1908 International Harvester Co. Type A perhaps the oldest running gas tractor in U.S.
The roof on the International Type A is not original to the tractor. It replaces one built of corrugated steel by Vernon Iverson.
During the time Spencer Iverson was serving with the armed forces in Vietnam, his father sent him a precious gift to remind him of home. “He recorded the sound of our 1908 International Harvester Co. tractor so I could hear it over there, and to remind me of all my relatives,” the Lamberton, Minn., man says, choking up at the memory. “That’s how important that tractor is to our family.”
In the early 1900s, Spencer’s grandfather, Vernon Iverson, was a 16-year-old immigrant from Norway. He walked 7 miles from the rail station in Storden, Minn., to the farm where he was to work. “The story goes that he came over the hill and saw the beauty of the farm, and said ‘Eureka!’ or ’I found it,’ and that’s how the farm got named,” Spencer says.
Vernon worked on the farm for a number of years. When the owner’s health deteriorated, the neighbors asked him, “Why don’t you give the farm to this young kid?” “That’s how it started,” Spencer says. “The owner signed the farm over on a piece of paper, and it’s been legal ever since. That’s how Eureka Farm started.”
In 1908, Vernon took his horses from the farm to the railhead at Storden. When he returned, it was with a brand new 1908 IHC Type A 15 hp tractor (serial no. 1402). “It’s one of the lowest frame numbers we’re aware of involving International,” Spencer says.
On the farm, the new tractor was used strictly for belt-and-pulley work during threshing and to blow silage into a silo. “They tried hitching it to a plow once, but it just didn’t work out,” Spencer says. “Grandpa also took the machine over to the neighbor’s and helped them with some of their work.”
One of the first gas-powered tractors at the time, the International was the wave of the future. “My grandpa thought that gas business was the new deal, and by golly maybe we ought to run with that because gas power is easier to operate,” he says. “You didn’t have to fire it so early in the morning like you did with steam, and it took fewer people to run it.”
Spencer thinks his International Harvester Co. Type A may be one of the oldest running gas tractors in the U.S. “If it’s not the oldest, it’s got to be one of the oldest, when you consider the frame number,” he says. “I heard a few years ago that there might be one up in Canada and maybe one in the Carolinas. In those days, there were still a lot of steam engines around, so having this tractor was a first, at least in this area.”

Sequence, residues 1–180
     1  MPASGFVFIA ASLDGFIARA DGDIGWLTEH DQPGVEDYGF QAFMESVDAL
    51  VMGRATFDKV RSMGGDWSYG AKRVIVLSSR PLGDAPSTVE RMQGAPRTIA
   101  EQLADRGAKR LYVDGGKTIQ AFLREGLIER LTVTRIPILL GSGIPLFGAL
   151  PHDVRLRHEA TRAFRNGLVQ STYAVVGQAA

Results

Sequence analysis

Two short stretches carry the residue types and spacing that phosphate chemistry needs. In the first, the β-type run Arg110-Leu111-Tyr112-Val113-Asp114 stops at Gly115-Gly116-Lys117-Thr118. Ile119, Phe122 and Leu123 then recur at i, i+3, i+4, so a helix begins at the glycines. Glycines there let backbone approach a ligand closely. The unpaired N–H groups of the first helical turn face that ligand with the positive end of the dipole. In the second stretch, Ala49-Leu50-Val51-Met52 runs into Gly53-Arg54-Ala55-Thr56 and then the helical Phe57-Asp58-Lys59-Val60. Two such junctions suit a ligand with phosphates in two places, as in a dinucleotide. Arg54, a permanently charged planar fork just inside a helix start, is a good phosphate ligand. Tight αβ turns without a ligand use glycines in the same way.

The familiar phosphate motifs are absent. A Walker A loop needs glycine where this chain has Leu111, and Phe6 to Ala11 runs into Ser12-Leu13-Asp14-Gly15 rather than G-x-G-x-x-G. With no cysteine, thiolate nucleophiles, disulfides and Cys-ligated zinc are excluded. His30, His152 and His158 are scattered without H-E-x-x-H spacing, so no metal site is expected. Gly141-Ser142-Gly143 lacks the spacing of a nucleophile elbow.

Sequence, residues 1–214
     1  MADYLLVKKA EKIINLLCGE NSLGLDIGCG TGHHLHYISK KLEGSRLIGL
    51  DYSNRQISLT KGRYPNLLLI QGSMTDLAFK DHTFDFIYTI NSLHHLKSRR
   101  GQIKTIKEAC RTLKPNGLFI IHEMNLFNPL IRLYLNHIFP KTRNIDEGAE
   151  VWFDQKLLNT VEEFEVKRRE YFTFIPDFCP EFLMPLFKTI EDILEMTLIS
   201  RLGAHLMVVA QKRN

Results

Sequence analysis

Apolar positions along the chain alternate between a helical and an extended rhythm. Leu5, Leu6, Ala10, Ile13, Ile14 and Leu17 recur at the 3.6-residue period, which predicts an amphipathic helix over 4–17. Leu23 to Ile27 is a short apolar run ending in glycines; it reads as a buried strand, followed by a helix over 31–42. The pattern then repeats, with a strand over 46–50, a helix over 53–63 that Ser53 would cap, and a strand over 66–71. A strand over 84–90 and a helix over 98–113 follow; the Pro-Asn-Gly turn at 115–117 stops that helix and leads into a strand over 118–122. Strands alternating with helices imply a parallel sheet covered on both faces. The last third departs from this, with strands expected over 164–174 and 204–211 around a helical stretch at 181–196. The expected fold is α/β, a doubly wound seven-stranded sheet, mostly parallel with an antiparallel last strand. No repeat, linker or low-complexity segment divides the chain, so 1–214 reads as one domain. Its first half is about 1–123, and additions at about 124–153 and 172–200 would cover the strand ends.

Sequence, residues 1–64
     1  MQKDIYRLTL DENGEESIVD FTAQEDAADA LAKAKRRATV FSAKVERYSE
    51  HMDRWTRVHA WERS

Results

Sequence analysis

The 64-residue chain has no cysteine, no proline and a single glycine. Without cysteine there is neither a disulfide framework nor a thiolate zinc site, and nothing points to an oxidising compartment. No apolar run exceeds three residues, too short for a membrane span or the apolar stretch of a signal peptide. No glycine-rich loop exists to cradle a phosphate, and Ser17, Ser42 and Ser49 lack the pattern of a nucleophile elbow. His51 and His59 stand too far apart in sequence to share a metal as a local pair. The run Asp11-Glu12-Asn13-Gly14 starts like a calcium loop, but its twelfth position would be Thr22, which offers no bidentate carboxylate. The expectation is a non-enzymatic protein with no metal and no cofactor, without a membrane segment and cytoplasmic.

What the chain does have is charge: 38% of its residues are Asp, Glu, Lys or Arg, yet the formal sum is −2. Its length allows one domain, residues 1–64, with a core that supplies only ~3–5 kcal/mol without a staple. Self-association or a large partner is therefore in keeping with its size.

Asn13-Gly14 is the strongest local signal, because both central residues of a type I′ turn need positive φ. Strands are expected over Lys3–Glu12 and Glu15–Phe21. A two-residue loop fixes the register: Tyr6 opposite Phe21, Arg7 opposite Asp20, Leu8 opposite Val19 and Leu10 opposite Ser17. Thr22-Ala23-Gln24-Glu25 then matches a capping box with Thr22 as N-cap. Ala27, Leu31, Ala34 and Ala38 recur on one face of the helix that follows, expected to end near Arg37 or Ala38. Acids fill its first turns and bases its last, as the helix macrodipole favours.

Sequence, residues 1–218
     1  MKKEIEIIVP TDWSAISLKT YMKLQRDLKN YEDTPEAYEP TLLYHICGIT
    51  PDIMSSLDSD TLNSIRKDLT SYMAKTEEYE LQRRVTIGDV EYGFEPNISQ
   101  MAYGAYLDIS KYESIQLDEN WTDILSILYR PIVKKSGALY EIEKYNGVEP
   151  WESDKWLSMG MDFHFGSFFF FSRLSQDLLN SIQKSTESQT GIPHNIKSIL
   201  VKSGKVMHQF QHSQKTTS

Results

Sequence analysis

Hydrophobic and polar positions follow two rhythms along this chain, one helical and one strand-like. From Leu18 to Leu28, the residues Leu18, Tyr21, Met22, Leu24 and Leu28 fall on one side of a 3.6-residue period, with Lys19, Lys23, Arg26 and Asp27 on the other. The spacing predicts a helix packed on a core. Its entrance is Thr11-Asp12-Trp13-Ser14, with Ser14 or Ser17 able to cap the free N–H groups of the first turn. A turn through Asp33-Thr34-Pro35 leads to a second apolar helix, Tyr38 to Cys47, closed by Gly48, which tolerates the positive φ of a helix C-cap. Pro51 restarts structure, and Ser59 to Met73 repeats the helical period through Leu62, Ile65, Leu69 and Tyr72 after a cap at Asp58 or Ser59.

The IHC Type A is powered by a small, 15 hp Famous engine. Starting it takes some effort. “It’s a two or three person job to start this one-cylinder hit-or-miss engine,” Spencer says. “Someone has to hold the valve open by hand, and one or two guys have to spin the large cast iron flywheel. It takes quite a bit of strength to overcome the inertia to get it to fire.
“In the old days it was a big deal to be able to turn the flywheel and get it started, showing how strong you were, kind of a rite of passage. Once you think you have the flywheel going fast enough, the operator of the engine will let the valve engage and it will fire. There’s an igniter instead of a spark plug. It has a governor on it, and when inertia slows it down, it will fire again to keep it going.”
The early tractor could be dangerous, Spencer says. “There are a lot of moving parts that you have to be aware of,” he says. “Some farmers in the old days got hurt when they stuck their hand into the wheels that work the governor. I know when it loses inertia, large weights smack together and it fires again a couple of times to get it up to revolutions again.”
The International is water-cooled; lubrication is accomplished by oil dripping into the cylinder. “An oil canister on top of the cylinder has a glass viewfinder to show how much oil is left,” Spencer says. “The amount of dripping is regulated with a knob controlled by the operator, and that’s how the engine is oiled. There’s always new oil dripping down into the cylinder, so it’s never changed.” Other parts of the engine are hand-oiled and hand-greased.